The Austerity Blues – French Edition

François Hollande. Photo by Jean-Marc Ayrault - Flickr:  Licensed under Creative Commons Attribution 2.0 via Wikimedia Commons

François Hollande. Photo by Jean-Marc Ayrault – Flickr: Licensed under Creative Commons Attribution 2.0 via Wikimedia Commons

Today in the United States media, the stories that sucked up all the oxygen involved either Ferguson or the Islamic State. While both of these stories are newsworthy and deserve to be covered, there’s a lot of other things happening that affect us all that get overlooked by the media in their rush to cover the splashy story. And, when one of these overlooked stories involve Europe’s second biggest economy, it worries us.

Yesterday, France’s Prime Minister Manuel Valls presented his government’s resignation to President François Hollande, after the economy minister, Arnaud Montebourg, had called for an end to the austerity policies imposed by Germany. In an interview Montebourg had given to Le Monde on Saturday, he said;

“The priority must be exiting the crisis, and the dogmatic reduction of deficits should come after,”  insisting that the austerity policies had gone too far. He went on to criticize Angela Merkel, the German chancellor. “Germany is caught in a trap of austerity that it is imposing across Europe.”

He then spoke at a Socialist party rally on Sunday, saying: “”France is a free country which shouldn’t be aligning itself with the obsessions of the German right,” and urging a “just and sane resistance.”

In what should sound familiar to all of us, the austerity policies implemented by the French government has led to very slow economic growth. President Hollande said in an interview in Le Monde last week that France will no longer try to meet a deficit reduction target this year, and may fall behind on deficit reduction next year as he wants to put in place 50 billion euros worth of spending cuts he has already pledged to make through 2017.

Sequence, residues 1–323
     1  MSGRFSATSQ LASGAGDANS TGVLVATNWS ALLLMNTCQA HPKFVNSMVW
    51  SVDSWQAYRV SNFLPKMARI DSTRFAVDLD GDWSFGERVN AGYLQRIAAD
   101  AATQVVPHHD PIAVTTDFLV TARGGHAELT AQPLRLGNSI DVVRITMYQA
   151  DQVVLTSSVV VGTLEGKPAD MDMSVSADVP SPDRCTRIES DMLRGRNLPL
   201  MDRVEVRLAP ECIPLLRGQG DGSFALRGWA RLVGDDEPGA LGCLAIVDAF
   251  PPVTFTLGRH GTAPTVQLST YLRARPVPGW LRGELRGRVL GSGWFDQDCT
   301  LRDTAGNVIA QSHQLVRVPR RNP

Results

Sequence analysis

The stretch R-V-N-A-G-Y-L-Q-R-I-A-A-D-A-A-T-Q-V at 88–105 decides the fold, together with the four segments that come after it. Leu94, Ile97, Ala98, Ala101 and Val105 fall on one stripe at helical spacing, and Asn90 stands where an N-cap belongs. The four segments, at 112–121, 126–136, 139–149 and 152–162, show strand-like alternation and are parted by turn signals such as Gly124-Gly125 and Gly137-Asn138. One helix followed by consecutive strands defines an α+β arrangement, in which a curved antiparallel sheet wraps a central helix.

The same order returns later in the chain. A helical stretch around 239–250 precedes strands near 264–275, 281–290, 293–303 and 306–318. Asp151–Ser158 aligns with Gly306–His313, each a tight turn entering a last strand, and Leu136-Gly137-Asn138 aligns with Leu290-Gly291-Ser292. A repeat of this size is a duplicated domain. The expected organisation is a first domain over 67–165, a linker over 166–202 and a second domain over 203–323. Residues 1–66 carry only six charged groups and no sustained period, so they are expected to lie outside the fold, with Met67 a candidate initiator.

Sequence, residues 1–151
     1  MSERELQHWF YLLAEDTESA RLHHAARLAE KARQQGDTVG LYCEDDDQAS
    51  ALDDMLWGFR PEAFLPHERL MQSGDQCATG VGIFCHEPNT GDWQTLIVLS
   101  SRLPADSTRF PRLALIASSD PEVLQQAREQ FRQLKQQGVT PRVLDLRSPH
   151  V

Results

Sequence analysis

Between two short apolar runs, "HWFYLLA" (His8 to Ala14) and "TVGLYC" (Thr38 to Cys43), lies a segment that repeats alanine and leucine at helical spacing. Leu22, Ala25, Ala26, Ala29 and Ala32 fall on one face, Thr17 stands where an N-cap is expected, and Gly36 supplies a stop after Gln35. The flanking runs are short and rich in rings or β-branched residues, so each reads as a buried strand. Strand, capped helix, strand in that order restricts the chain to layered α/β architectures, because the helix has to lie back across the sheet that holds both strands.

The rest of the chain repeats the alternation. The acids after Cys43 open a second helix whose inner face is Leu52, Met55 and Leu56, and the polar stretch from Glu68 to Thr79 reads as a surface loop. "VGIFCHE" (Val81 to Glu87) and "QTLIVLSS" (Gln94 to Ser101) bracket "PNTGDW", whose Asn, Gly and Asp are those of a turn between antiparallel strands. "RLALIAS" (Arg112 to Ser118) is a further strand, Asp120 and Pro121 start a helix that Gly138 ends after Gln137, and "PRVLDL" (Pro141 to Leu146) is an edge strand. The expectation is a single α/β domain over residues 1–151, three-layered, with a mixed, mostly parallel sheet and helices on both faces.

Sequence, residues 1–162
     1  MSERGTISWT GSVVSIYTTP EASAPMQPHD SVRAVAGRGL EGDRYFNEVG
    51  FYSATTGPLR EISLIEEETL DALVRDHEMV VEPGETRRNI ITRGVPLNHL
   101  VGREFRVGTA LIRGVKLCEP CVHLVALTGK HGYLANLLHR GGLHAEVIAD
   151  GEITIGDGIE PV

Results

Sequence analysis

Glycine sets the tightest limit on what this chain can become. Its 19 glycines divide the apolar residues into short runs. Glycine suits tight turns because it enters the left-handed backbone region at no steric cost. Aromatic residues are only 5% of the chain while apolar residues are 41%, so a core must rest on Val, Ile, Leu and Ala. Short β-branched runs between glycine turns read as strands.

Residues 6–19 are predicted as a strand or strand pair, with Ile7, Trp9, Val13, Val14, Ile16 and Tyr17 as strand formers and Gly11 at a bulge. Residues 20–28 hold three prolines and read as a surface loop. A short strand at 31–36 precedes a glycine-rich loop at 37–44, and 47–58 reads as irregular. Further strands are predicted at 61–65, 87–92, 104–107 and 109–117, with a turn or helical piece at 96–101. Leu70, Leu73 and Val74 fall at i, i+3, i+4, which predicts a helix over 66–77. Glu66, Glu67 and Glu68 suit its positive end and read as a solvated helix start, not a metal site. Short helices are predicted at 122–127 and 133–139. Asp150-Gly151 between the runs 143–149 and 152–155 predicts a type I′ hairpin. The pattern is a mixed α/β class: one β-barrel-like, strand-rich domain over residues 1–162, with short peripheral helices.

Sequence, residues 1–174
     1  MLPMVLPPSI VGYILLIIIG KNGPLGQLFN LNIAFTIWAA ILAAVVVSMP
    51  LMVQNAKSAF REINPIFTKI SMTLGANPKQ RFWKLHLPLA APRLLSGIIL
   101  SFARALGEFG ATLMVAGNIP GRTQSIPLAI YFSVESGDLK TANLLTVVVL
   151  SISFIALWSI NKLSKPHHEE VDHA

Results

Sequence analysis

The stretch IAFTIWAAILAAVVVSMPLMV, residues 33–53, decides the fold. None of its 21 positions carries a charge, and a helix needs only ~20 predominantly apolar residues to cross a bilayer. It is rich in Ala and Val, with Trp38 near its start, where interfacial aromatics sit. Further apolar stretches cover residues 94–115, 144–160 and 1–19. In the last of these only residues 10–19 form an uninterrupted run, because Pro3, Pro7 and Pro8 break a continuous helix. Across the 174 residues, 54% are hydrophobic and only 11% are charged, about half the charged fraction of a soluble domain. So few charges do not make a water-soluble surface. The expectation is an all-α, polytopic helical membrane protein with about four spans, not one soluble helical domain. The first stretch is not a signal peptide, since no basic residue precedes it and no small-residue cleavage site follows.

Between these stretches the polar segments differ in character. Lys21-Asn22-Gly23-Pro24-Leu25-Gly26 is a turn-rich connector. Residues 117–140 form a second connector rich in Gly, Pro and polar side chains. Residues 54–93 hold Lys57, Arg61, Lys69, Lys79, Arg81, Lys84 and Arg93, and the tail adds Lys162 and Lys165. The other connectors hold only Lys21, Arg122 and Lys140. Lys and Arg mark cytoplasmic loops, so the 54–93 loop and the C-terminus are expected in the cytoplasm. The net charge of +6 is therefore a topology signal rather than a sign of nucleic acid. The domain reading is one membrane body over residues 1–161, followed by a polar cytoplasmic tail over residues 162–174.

However, Valis will be in charge of putting together the new government. And. he’s pledged to stick to a cut deficits/lower business taxes path; one that doesn’t sit well with the more left-leaning of the majority Socialist party. And, on the right, the National Front, an ultra-conservative nationalist party, is making inroads on the center-right UMP. The parallels to politics here in the U.S. are fairly evident, we think.

The new government’s supposed to be named today. The real question is whether Valis can form a new government that meets the national assembly’s approval. Constitutional expert Dominique Rousseau told Libération that “”We can’t rule out the government being thrown out by a majority in parliament, and the president would have to envisage a dissolution of the assembly. The crisis is not over, it’s just beginning.”

Occupy World Writes calls for the end of the austerity programs going on both here and abroad. If nothing else, the last five years have taught us all that you can’t make serious budget cuts and reduce the tax base revenue and at the same time still expect to see a substantial recovery.






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